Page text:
In sales, it’s no secret that training is crucial for developing new skills and capabilities. With social selling, this is especially true. Companies who get it right put social selling first improve win rates by 16%, according to CSO Insights.
As buyers become more self-educated, your sales team needs to truly understand the importance of social selling as a way to identify new business opportunities and decision makers. As an organization, it should be mandatory goal to develop these skills. But should you buy or build a social selling program?
This table will help you understand the pros and cons of each within your organization to see which is the best fit for you.
BUILD - PROS
You know your own business
The biggest advantage is that you know your own business better than anyone else. You’ll learn all the intricate details of social selling, but it’ll be through trial and error.
You can customize your curriculum
You can build your curriculum to what you believe your organization will adapt to and absorb. You can customize the types of learning, whether e-learning, workshops, instructor-led sessions or coaching. There are also resources available online where you can pull tips, tricks and tactics from.
BUILD - CONS
You need to do all the legwork
The major disadvantage is like anything else you’re building internally—it’s like building a business within a business. You need to lead the project, find subject matter experts, and identify the right tech stack. This requires a significant time investment into technology and its related costs, who to involve, when to deploy and what systematic approach to take.
You don’t know the recipe
Building a social selling program is like baking a cake. When building out a social selling program from scratch, you don’t know the ingredients, what order you need to incorporate them, what mixture, how long to bake it, and what the taste will be like (i.e., what the success outcome of the customer will be).
Slow speed to market
The other major disadvantage is speed to market. To build a real certification course, you’ll need thousands of people hours that will take approximately six months to build, and will cost you six figures. This doesn’t include deploying the program using your own facilitators and trainers into the market. In short, your ability to get into market with a social selling program is now measured in years, not months.
BUY - PROS
Speed to market
This is by far the biggest advantage of a social selling program. So long as you choose the right vendor by performing due diligence, you have the ability to be in market and certified within 90 days.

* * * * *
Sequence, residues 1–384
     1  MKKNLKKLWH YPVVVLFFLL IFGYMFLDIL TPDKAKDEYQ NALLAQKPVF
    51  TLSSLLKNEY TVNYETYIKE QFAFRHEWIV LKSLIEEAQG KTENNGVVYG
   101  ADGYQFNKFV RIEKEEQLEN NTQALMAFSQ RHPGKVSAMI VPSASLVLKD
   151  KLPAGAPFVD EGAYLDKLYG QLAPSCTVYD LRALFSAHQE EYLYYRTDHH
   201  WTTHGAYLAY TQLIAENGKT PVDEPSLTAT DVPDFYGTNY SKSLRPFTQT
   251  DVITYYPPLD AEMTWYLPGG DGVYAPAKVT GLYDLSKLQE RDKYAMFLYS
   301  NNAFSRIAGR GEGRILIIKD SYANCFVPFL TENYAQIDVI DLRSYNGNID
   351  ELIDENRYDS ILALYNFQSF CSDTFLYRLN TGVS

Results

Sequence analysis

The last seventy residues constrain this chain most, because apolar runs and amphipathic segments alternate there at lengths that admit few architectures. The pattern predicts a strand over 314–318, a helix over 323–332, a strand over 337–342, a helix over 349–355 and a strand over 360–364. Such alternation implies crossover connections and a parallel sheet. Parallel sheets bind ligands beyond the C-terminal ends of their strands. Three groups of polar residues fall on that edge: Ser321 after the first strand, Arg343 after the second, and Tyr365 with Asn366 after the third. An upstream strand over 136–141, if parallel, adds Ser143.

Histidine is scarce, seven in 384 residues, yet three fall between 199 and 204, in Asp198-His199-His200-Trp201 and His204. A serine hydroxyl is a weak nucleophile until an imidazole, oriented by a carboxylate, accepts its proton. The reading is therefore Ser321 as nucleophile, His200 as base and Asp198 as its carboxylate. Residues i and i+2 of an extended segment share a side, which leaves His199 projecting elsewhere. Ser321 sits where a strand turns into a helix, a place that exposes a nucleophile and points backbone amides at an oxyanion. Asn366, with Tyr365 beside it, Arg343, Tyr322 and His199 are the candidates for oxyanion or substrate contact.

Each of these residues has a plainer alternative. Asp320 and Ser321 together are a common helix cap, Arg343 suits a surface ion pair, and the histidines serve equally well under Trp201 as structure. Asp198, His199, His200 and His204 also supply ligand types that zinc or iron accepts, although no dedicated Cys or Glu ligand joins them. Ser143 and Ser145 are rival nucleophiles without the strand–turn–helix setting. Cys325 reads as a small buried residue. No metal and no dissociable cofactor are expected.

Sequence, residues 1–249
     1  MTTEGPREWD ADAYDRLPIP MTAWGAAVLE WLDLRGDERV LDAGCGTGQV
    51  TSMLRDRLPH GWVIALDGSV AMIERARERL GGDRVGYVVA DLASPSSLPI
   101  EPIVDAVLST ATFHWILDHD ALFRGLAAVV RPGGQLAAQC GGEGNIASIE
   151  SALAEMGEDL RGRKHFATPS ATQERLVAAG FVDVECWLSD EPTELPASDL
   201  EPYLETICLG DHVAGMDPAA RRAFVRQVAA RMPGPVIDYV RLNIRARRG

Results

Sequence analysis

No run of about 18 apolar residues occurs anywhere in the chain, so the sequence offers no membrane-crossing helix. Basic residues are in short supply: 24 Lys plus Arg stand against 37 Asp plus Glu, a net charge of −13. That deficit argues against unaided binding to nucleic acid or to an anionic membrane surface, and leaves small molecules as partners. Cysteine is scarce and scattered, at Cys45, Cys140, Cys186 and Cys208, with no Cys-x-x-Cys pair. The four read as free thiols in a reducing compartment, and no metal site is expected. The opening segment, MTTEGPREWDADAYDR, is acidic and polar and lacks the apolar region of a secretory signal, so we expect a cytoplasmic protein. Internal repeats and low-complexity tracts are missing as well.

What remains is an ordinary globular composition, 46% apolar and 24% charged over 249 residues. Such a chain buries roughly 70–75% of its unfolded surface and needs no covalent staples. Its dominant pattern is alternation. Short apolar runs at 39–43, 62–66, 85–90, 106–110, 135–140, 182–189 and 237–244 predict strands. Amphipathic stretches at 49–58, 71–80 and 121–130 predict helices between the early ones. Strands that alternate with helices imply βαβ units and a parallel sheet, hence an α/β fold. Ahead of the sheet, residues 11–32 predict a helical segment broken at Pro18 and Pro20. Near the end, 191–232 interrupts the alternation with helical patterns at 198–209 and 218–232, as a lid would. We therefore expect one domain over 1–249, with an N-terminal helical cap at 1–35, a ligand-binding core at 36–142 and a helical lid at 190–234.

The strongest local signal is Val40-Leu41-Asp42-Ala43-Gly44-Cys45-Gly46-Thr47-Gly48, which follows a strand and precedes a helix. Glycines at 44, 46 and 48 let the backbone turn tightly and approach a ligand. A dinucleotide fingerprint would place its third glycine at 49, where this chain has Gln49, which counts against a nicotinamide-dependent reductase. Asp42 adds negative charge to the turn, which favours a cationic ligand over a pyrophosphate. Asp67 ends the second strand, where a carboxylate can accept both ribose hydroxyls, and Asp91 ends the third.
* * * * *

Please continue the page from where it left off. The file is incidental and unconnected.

The right vendor knows the recipe for success
You’re buying a program from someone who’s already built the recipe. They already have the right prescriptive process, the technology, and know how to train, when to train and the best learning methods.
Selecting the right vendor also provides the advantage of ongoing support for both the leadership team and individual sales/marketing professionals. Leadership calls, one-on-one coaching, and other support features keep everyone accountable, and ensure the program drives real sales results in a given amount of time.
BUY - CONS
Most enablement teams probably don’t have an expense like this budgeted, so it’s an unforeseen expense. This means that they need to convince other stakeholders, such as commercial business units and marketing to get on board with buying a training program. Let’s face it. Training is expensive, and the cost-per-user is expensive.
You need to do due diligence
You need to do due diligence to find the right social selling curriculum for your organization. You need to evaluate the following:
- How is learning measured within the program? Is learning correlated to business outcomes?
- How does the program help address the skills gap in my team? How do they drive adoption?
- Is leadership and training reinforcement built into the program?
It’s a lot to consider, especially when you’re not creating the program yourself. But there’s a lot of empirical evidence that shows that purchasing a social selling training program has a great return on investment.
Consider that the choice doesn’t have to be mutually exclusive. It can be both. This isn’t a “chicken or egg” question; it’s far deeper. It’s about balancing the time and resources needed to enable the success of your sales and marketing teams.
This post originally was published October 20, 2015 and has been updated for accuracy.